Tips for all purchasers: Competition is stiff! All prospective purchasers, particularly first time buyers, need to get their finances, documents and mind-set in order BEFORE starting to look for a property. If they haven’t they risk missing out on their dream home. In the current market houses can be snapped up in a matter of hours.

What does this mean for mortgages?

The prime lending rate (the rate at which the Reserve Bank lends to banks) is at a 65 year low of 5% and has been since 2012. Even with the expected increase to 5.5% in 2014 credit will remain cheap. And the current base home loan rate (the rate at which the banks lend to individuals) of 8.5% presents an unmissable opportunity: if you can qualify for a home loan and want to buy property, now is the time to apply.

In 2009 the banks lost their appetite for lending (due to the “Great Recession”) but in 2013 began to show signs that they’re getting hungry again: home loan application approval rates went from 29% in 2009/2013 to over 50% in 2013. We have heard, unofficially, from banking staff at two of the major banks that they have started 2014 aggressively seeking to expand their mortgage books. For clients they deem to be desirable this means lower rates and massive savings.

But it isn’t all good news for lenders and home loan applicants: cheap credit has seen an explosion in micro-lending, often unethically, which in turn has seen an explosion in the household debt of the average South African. Around 10 million people are struggling to meet their monthly repayments and over 1.5 million people have been black-listed and can no longer get access to credit.

In response the government is, despite numerous objections from financial institutions and experts, pushing through a Credit Amnesty which will see the adverse histories of all citizens (though not the actual debts) washed away. Banks will then be unable to accurately assess risk based on current methods and financial histories. The banks, and international firms, warn that this will force lenders to charge an increased premium for credit to mitigate the additional risk. Any increase to the cost of credit would make it inaccessible to more people which is, ironically, the exact opposite of what the government is trying to achieve.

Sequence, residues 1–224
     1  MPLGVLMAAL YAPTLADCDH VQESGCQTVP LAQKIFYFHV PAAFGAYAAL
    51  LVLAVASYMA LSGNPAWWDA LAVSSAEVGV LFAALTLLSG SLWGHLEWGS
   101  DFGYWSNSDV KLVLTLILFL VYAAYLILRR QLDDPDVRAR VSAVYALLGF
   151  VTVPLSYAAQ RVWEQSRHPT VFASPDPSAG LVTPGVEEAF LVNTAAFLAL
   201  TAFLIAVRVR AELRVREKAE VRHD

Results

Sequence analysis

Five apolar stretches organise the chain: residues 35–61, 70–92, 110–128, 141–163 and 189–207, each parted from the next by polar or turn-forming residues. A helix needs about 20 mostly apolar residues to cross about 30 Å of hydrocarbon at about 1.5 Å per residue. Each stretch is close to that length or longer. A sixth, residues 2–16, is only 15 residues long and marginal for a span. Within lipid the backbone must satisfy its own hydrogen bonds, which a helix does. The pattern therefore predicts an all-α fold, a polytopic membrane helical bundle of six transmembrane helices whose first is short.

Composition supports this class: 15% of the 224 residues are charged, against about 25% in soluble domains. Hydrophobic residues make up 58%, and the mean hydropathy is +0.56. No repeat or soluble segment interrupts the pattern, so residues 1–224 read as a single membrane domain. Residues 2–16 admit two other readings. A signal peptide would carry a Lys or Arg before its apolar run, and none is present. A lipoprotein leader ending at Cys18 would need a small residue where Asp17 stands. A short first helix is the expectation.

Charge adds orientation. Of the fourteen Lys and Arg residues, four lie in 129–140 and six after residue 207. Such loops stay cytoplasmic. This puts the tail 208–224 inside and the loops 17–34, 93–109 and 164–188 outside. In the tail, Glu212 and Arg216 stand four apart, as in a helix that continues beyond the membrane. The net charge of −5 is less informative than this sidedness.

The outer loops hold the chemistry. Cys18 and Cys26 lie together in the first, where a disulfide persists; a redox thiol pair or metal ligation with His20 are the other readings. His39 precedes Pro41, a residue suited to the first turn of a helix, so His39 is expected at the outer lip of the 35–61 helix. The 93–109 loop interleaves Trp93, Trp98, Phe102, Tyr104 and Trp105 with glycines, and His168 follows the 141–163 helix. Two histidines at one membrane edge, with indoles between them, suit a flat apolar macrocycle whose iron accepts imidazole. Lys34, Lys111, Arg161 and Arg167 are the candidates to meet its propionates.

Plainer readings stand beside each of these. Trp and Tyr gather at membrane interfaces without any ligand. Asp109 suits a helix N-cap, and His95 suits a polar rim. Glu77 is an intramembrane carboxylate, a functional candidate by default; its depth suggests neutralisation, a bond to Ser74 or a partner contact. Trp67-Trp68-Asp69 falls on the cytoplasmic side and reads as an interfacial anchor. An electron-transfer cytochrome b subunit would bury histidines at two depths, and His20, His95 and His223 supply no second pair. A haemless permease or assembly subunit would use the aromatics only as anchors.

Tip for the home loan applicant: Don’t wait too long to get your home loan if you qualify now. Our assessment is that in the best case scenario the National Credit Amnesty will see increases to the cost of your loan and the worst case would see a loan being completely unaffordable.

We live in interesting times

Despite the negativity surrounding the outcome of the next election and what a second term for President Zuma represents South Africa’s prospects over the medium and long term remain positive. And if you’re looking for a local, medium to long term investment property is the way to go.

Tip: Even in interesting times such as these property has, historically, been among the safest and most lucrative investments.

– Greg de Mink